These headlines are abstractions: thoughts, thoughts of thoughts, thoughts of thoughts of thoughts, systems of thoughts, systems of systems of thoughts, thoughts of systems of systems of thoughts…You get the idea.

And this thinking thing is pretty adaptive for the 21st Century human, so we take great pride in our ability to objectify and create abstractions. All that preconscious awareness gets abstracted too, creating a separation between body-awareness and thinking. Consciousness gets out of phase with preconsciousness, and that results in a myriad of physical and mental problems.

The conscious mind is like the captain of a huge ocean liner and the preconscious as all the crew, passengers, animals (wild and domesticated), structures, equipment, personal possessions, and all the internal environments of each of those. The captain has her hands full dodging icebergs, checking the course, adjusting for weather, making nice with VIPs, and looking captain-ish. She has very little awareness of what is going on in the engine room, the kitchen, with that strange couple in Suite 313, or the sailor selling crystal meth to the piano player in the lounge. But…she could be aware of some of these things—and many others—by personally investigating them, one at a time.

This captain relies on reports (abstractions) to keep the ship running smoothly. There is a trust that the crew will take care of business and only alert the busy captain when something rises to that level of urgency. The captain is content to focus on the external environment and the managerial and social requirements of the post. If she neglects the important duties of that post for very long it creates a sense of disharmony and danger that affects the ship’s smooth operation.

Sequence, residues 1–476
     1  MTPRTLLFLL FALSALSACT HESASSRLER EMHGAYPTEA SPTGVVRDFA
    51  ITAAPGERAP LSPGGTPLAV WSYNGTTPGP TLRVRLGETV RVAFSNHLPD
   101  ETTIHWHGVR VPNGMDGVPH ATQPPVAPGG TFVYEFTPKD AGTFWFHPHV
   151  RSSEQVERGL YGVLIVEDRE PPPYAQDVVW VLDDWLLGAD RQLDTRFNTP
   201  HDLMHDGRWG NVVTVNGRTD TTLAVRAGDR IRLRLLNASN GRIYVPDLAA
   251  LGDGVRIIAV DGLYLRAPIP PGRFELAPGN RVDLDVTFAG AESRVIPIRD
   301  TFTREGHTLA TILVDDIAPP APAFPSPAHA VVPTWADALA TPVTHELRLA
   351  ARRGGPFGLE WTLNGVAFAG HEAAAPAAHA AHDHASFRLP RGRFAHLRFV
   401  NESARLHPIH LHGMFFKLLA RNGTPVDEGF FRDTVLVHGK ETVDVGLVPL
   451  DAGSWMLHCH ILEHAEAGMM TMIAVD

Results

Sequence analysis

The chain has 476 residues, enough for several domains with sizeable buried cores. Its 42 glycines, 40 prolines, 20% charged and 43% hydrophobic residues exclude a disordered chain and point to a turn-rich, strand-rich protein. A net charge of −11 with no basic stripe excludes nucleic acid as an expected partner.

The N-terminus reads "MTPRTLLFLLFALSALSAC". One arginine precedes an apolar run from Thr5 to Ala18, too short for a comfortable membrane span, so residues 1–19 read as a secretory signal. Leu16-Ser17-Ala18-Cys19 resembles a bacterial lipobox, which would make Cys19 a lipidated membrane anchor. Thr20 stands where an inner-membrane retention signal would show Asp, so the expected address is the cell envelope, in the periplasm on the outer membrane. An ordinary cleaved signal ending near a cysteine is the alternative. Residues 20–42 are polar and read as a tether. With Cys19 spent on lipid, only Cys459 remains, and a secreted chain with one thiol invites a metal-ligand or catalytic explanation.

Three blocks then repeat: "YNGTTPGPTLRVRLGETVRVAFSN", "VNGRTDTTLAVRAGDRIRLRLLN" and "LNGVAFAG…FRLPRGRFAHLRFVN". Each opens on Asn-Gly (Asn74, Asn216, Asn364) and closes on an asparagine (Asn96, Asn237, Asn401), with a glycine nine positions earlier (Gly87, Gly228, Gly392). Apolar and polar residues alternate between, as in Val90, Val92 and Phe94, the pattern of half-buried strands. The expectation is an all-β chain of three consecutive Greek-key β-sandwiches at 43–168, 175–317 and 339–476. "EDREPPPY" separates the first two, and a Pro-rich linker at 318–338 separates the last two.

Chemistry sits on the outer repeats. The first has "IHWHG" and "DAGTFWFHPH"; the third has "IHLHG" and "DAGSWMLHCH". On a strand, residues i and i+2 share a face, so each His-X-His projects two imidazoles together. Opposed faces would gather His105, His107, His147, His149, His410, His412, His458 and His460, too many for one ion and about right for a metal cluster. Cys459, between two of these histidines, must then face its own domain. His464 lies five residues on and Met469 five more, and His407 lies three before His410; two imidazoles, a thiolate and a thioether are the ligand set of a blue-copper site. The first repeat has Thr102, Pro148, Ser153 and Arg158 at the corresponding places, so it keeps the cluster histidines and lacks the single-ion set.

Body-Mind Integration

Something interesting happens when we turn the power of the conscious mind toward the physical sensations that are being broadcast 24/7, but without the usual abstraction. That is, we just feel what is happening without labeling, explaining, anticipating, or objectifying in any way. We turn the light of consciousness toward the body and focus on all the sense information that is present, without getting caught up in the moment-by-moment commentary of the rational mind.

We discover that consciousness is not so separate from preconsciousness after all. Consciousness transcends and includes preconsciousness. That is, it goes beyond all that body awareness, the Eye of Flesh, but also includes it. Consciousness includes self-awareness, and that includes some body awareness. When we integrate the two (rather than just converting the Eye of Flesh into just another story), we awaken the SuperConscious mind, conscious awareness beyond thinking.

In Taijiquan: Through the Western Gate, I talked about opening the “Three Eyes”: Eye of Flesh (preconscious), Eye of Mind (conscious), and Eye of Contemplation/Spirit (SuperConscious).

This is the “moving meditation” aspect of taijiquan practice. We consciously feel what is going on in each moment, and in doing so we shift into SuperConsciousness. Eye of Mind integrates with Eye of Flesh and this opens the third “eye,” Eye of Spirit, the shen of taijiquan.

And that is a story for another day.


Here’s a video of Master Yang Fukui doing a Wood qigong meditation: